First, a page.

5.9/10
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Crook's Tour (1941)

Charters and Caldicott, touring in the Near East, are mistaken for German agents and handed in error a gramophone record which contains vital information for Britain's enemies.

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(from an original story by), (from an original story by)
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Cast

Cast overview:
...
Naunton Wayne ...
...
La Palermo
...
Sheik
Gordon McLeod ...
Rossenger
Abraham Sofaer ...
Ali
Bernard Rebel ...
Klacken
Cyril Gardiner ...
K.7.
Leo de Pokorny ...
Hotel Manager
Morris Harvey ...
Waiter
Noel Hood ...
Edith Charters
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Storyline

Charters and Caldicott, touring in the Near East, are mistaken for German agents and handed in error a gramophone record which contains vital information for Britain's enemies.

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Comedy | Mystery

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Release Date:

24 May 1941 (UK)  »

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(RCA Sound System)

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1.37 : 1
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Did You Know?

Trivia

The third of four screen appearances by Basil Radford and Naunton Wayne as Charters and Caldicott. They first appeared in The Lady Vanishes (1938), and later in Night Train to Munich (1940), and Millions Like Us (1943), all written by Sidney Gilliat and Frank Launder. Crook's Tour (1941) was adapted from a BBC Radio serial starring Radford and Wayne. See more »

Quotes

Charters: It's labeled 'bathroom'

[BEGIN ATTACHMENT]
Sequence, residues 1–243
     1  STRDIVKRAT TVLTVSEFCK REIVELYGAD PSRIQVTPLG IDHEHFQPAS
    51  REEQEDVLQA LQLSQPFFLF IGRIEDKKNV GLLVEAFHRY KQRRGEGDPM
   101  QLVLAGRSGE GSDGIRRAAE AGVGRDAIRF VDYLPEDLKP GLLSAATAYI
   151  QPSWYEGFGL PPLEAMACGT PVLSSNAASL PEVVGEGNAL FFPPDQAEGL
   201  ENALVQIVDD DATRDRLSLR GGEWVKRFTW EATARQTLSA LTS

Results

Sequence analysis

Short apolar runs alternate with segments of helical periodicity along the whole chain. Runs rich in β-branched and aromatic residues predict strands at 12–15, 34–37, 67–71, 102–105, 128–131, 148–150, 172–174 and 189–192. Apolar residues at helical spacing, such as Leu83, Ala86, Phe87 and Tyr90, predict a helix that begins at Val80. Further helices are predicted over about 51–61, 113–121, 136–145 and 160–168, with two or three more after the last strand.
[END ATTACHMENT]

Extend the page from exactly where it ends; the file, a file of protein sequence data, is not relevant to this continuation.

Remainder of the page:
Caldicott: But that's ridiculous! It should be labeled 'Bosporus'.
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Connections

Spun-off from The Lady Vanishes (1938) See more »

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User Reviews

 
Foreign Countries are so Full of Foreigners
27 May 2015 | by (Alexandria, VA) – See all my reviews

Charters and Caldicott, those delightfully self-absorbed cricket fans of Hitchcock's "The Lady Vanishes" and Reed's "Night Train to Munich" return in a film all their own. The very British pair of gents are traveling through the Middle East, when their tour bus runs out of gas. Quite annoyed to spend a night in the middle of the desert, the quite proper Englishmen do not even have a change of clothes for dinner. When they reach Baghdad, the pair come into possession of a phonograph record with a coded message and unwittingly become involved with a nest of German spies. Blithely unaware of their predicament, they bumble along to Istanbul and barely escape falling into the river through a hole in the floor behind a hotel door marked "Bathroom." Caldicott is miffed of course; the door should be marked "Bosphorus." The plot is light with enough holes to shame Swiss cheese and irrelevant to the fun, which lies with the witty dead-pan interplay between Basil Radford as Charters and Naughton Wayne as Caldicott. International politics are of no concern to the pair, especially when compared to cricket scores, and their travels are just a journey from one pesky inconvenience to another. Charters and Caldicott are the tourists who should never leave home, because foreign countries are so full of people who neither speak English nor understand the importance of cricket.

Charters and Caldicott are like a droll Abbott and Costello, minus the slapstick, and "Crook's Tour" resembles an Abbott and Costello movie. Like Abbott, Caldicott is a magnet for attractive women; despite his unlikely engagement to Charters's horse-faced sister, he returns the flirtatious interest of blonde Greta Gynt as La Palermo. Unfortunately, the movie also resembles the Abbott and Costello flicks with unwelcome musical intrusions, and, although the film is a relatively short 80 minutes long, La Palermo warbles a couple forgettable tunes that only slow down the action and take screen time from the stars. Despite the amusing leads, director John Baxter is no Hitchcock or Reed, and the film is more routine programmer than classic. However, the team of Radford and Wayne make the trip worthwhile.


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